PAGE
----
AARP’s brief supported the State of Colorado’s efforts to enforce laws to protect borrowers from exploitation by Internet payday lenders. The lenders claimed a relationship with tribal entities made them immune from state oversight.
The State of Colorado began investigating complaints that two Internet payday lenders, Cash Advance and Preferred Cash Loans, charged interest above that allowed by Colorado law. Additionally, the lenders allegedly were setting up five automatic loan renewals (or rollovers) even though state law allows only one rollover per loan.
The investigation revealed that the lenders were not licensed. The state issued cease and desist orders and requests for loan documents, followed by investigative subpoenas. When the lenders refused to turn over information, the state sought requests for contempt citations. The lenders moved to dismiss the proceedings, claiming they were not subject to the state’s authority because they are wholly owned subsidiaries of two Indian tribes, entitled to tribal sovereign immunity.
Joined by attorneys general or consumer credit administrators from nine states and five leading consumer groups, attorneys with AARP Foundation Litigation filed AARP’s friend-of-the-court brief. AARP noted the pernicious effects payday loans and other “fringe banking” products have on the people with low or fixed income who need small amounts of cash but are unable to get loans from mainstream lenders.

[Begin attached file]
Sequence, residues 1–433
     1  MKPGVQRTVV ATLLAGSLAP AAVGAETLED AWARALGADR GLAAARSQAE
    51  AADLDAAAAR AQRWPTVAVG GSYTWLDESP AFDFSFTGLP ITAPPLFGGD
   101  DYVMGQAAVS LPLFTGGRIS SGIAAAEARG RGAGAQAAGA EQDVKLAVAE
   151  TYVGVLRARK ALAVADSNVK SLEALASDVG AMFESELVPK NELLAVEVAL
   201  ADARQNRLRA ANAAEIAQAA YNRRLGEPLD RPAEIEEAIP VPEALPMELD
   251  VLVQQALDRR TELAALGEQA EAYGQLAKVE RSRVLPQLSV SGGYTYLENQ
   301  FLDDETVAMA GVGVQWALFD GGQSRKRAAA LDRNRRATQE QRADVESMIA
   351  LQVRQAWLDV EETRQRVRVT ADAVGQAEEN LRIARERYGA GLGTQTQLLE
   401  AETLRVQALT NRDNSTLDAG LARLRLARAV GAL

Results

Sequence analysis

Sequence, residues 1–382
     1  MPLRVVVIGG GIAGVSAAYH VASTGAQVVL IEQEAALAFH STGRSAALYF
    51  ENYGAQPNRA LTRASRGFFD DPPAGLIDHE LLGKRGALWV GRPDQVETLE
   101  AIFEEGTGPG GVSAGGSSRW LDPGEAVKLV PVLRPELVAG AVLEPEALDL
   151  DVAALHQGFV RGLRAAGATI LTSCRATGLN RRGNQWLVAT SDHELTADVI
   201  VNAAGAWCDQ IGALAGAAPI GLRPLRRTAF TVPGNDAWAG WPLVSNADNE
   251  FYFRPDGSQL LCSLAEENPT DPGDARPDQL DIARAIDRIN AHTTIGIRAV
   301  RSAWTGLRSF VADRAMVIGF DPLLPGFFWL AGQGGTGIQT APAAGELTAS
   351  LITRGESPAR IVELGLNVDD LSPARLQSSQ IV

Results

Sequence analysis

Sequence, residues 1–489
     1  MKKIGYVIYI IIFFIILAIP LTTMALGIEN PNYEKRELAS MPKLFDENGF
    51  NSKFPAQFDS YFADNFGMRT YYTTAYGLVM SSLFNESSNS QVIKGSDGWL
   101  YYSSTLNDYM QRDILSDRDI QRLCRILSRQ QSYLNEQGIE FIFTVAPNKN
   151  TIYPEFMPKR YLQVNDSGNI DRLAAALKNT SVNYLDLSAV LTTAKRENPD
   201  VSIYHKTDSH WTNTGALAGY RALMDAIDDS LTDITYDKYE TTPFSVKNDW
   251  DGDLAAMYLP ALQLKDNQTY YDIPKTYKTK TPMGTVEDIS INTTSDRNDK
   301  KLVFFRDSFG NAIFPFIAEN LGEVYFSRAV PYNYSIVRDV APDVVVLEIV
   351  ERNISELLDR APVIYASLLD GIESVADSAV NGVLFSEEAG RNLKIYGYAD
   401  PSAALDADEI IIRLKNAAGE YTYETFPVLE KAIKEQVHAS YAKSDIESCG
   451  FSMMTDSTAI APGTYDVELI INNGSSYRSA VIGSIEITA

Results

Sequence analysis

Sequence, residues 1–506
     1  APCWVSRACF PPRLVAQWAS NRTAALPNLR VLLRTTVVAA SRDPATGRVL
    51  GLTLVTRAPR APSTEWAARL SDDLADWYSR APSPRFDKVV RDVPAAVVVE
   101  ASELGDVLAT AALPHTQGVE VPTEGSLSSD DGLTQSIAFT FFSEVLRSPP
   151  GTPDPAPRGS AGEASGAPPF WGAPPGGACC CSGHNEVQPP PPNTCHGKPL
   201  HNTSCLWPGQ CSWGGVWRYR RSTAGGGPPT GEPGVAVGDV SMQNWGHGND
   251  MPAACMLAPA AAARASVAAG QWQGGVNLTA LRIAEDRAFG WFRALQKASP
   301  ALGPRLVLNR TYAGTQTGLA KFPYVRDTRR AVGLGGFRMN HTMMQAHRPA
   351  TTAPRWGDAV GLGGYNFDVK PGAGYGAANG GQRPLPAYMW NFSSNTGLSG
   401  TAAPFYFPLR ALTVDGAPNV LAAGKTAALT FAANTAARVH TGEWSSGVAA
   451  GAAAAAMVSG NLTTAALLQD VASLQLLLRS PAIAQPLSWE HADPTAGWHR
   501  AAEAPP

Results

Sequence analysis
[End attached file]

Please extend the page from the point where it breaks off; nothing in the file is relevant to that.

The Colorado Supreme Court ruled that the lenders do not have the automatic immunity they claimed. The court sent the matter back to the trial court with instructions to determine whether the lenders are owned and operated as “arms” of the Indian tribes and thus immune from state enforcement actions.
What’s at Stake
AARP’s brief discussed how payday lenders target the most vulnerable consumers and pointed out that the most at-risk members of society are in greatest need of strong laws and state and private enforcement efforts. Yet, payday and other fringe lenders historically have mischaracterized the nature of their products and otherwise structured the transactions to evade such oversight. The brief argued that the purported relationship between the lenders and Indian tribes appears to be just another such attempt and that, at a minimum, the state should be allowed to investigate this relationship.
Cash Advance v. Colorado ex. rel. Suthers was decided by the Colorado Supreme Court.